The last thing I want to say also happens to be the final message of the film: The real social network is the person-to-person connection: it’s the people who bring the state down. Technology itself isn’t powerful. Rather, people are powerful if they are enabled. Technology is a neutral tool: it just helps citizens participate.

In conclusion, we have no excuse not to get politically active, now that we can see what can be accomplished with a mobile phone and a laptop.

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Reaching citizens online

I published a piece called “Reaching citizens online” on the Weber Shandwick Digital Public Affairs blog.

Many political organizations, politicians and interest groups are anxious to learn how to best reach citizens online. I have researched how youth organizations (based in the United Kingdom) do so, both on their websites and then later on social media. It’s been interesting to gain insight into choices about web presence while keeping in mind how these organizations think about young people as citizens.

I looked at two types of organizations: both those connected to government, and those focused on single issues like the environment or animal rights. Whatever the focus, I found that all organizations subscribed to a similar web strategy. The overarching goal of web content was a wish to create engaged citizens. This was accomplished in two ways: First, web content was used to provide information to young visitors. Second, organizations pursued an “inform then involve” approach to get youth engaged and participating.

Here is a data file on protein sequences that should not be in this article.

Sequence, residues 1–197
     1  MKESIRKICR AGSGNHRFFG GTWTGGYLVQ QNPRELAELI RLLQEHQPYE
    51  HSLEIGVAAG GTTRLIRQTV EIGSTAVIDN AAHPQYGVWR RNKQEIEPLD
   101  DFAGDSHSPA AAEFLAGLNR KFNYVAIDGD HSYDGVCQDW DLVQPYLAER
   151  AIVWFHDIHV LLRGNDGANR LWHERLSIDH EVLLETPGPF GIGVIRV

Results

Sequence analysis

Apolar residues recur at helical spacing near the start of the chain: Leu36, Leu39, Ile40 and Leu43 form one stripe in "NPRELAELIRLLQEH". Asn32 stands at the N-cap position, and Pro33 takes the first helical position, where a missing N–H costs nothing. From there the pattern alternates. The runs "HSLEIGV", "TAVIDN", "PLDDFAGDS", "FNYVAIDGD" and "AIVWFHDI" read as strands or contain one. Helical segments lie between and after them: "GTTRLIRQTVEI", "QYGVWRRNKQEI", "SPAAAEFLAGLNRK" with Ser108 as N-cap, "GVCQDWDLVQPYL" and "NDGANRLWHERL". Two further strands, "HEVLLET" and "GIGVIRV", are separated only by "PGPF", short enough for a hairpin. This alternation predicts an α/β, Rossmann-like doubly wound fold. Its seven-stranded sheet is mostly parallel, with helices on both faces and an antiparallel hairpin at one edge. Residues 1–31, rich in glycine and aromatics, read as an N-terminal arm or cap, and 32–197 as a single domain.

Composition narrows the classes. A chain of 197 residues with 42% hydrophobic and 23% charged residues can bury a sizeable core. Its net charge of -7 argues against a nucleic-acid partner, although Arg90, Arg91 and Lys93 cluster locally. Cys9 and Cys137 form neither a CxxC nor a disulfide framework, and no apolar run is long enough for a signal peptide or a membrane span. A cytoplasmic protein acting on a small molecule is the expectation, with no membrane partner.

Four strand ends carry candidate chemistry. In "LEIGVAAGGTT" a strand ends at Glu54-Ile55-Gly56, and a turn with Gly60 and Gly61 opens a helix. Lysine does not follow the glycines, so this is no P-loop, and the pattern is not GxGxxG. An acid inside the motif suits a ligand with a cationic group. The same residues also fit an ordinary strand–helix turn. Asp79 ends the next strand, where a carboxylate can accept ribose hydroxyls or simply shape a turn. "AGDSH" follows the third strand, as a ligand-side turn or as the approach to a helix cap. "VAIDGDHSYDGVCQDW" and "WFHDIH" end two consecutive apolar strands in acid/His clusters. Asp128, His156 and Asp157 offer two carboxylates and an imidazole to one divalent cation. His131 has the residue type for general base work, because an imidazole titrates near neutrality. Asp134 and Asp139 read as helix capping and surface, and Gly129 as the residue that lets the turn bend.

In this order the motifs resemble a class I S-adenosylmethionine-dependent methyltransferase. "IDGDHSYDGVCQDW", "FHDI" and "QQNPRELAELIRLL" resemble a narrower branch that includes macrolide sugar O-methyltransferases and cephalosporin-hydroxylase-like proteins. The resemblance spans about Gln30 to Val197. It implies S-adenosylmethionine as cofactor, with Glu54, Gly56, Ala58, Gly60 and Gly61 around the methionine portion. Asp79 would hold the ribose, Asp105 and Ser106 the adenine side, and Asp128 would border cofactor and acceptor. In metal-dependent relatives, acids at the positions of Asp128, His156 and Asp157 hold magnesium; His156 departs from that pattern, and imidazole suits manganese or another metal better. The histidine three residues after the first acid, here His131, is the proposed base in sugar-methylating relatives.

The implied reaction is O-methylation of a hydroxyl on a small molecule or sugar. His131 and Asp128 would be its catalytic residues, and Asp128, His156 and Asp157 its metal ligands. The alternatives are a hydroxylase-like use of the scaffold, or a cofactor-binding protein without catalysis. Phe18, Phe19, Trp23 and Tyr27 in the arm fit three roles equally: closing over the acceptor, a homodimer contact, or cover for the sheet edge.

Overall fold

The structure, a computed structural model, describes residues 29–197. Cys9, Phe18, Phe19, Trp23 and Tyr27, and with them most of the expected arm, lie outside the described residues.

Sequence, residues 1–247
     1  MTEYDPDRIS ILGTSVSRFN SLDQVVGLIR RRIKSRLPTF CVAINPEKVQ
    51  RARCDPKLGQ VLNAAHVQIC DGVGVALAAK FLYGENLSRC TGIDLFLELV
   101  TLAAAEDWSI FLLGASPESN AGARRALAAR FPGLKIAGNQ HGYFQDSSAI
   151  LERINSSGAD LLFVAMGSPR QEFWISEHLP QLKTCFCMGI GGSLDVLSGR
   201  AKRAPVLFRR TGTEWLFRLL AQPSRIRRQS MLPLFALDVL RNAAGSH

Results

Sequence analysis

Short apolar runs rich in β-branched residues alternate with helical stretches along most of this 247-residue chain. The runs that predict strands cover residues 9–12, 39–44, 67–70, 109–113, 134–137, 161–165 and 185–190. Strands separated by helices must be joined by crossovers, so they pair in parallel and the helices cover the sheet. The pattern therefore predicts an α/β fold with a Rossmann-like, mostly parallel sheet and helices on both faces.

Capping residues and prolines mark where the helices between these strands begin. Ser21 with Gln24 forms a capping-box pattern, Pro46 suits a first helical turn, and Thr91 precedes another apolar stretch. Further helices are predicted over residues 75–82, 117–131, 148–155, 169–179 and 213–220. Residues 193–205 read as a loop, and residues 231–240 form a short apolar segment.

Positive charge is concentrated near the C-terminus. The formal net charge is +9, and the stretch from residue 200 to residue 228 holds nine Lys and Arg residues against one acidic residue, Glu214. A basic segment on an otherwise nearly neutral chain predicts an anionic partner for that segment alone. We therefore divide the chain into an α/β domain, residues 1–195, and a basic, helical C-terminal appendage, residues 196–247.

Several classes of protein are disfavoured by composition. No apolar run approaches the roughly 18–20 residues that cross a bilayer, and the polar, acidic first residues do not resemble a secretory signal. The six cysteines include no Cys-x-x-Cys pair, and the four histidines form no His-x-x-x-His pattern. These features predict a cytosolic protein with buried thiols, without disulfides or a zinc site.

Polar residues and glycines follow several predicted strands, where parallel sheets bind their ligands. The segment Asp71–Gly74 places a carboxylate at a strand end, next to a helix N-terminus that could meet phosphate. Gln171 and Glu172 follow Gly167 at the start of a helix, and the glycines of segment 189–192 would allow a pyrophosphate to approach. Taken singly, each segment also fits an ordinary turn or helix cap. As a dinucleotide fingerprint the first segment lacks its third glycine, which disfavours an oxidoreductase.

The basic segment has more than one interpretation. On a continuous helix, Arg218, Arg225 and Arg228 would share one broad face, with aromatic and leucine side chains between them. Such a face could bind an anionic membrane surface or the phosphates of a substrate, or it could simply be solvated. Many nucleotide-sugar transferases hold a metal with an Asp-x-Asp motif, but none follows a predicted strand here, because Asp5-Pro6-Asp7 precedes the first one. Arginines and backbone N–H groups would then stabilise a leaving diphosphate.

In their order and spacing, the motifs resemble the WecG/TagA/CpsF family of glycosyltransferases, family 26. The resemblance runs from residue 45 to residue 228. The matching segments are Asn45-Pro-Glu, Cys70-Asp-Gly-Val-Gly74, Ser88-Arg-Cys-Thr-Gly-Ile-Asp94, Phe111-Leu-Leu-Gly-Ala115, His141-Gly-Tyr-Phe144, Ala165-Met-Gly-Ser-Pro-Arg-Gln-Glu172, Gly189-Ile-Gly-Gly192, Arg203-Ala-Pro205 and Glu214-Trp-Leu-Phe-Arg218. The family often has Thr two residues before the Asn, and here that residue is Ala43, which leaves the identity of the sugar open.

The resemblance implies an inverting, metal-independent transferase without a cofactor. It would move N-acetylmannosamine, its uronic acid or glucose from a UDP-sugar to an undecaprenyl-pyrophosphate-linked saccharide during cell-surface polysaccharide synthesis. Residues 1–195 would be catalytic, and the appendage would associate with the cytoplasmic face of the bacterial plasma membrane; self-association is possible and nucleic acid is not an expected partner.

Click here to read more…

International election obsession

Below is the piece I contributed for this weekend’s Open Mike at POLITICO’s Arena.

The U.S. elections generate huge interest abroad. This is definitely true in the Netherlands, the place I’ve called home for the past 11 years. The other day on the train I was preparing a presentation about social media use in the election campaign. As I juggled images of Todd Akin and Big Bird, the man next to me, in true Dutch fashion, stared shamelessly at my laptop screen. When I glanced at him, rather than look away he held my gaze. “So who do you think will win?” he wanted to know. It happens all the time: Dutch friends and perfect strangers ask my opinion of the debates and my reaction to Romney’s 47 percent video.

But the interest goes way beyond casual conversation. Now that we’ve reached October, there are almost weekly events, mostly in the form of discussions or debates. Last week, the U.S. Embassy of the Netherlands hosted a Republican (Shane Jett, former Oklahoma State Representative) and a Democrat (Gary Nordlinger of Nordlinger Associates). The entourage toured Rotterdam, Amsterdam, and Leiden, spreading knowledge about U.S. politics to fascinated audiences of students and professionals. I hosted the Rotterdam event. Before the event, the organizer approached me with a worried look on his face. He thought the Republican might get bullied by the audience, and asked me to help soften the tone if the questions became harsh. But he had nothing to fear. At events like these, criticism always seems to overlook partisan politics. Though they are concerned with the outcome of the election, and as a rule seem to prefer the Democrats, when it comes to their impression of the “American mentality” the Dutch don’t really see a difference. The tone has definitely softened since the Bush years, but the Dutch are one part fascinated and two parts distressed by what they see as aggressive U.S. foreign policy.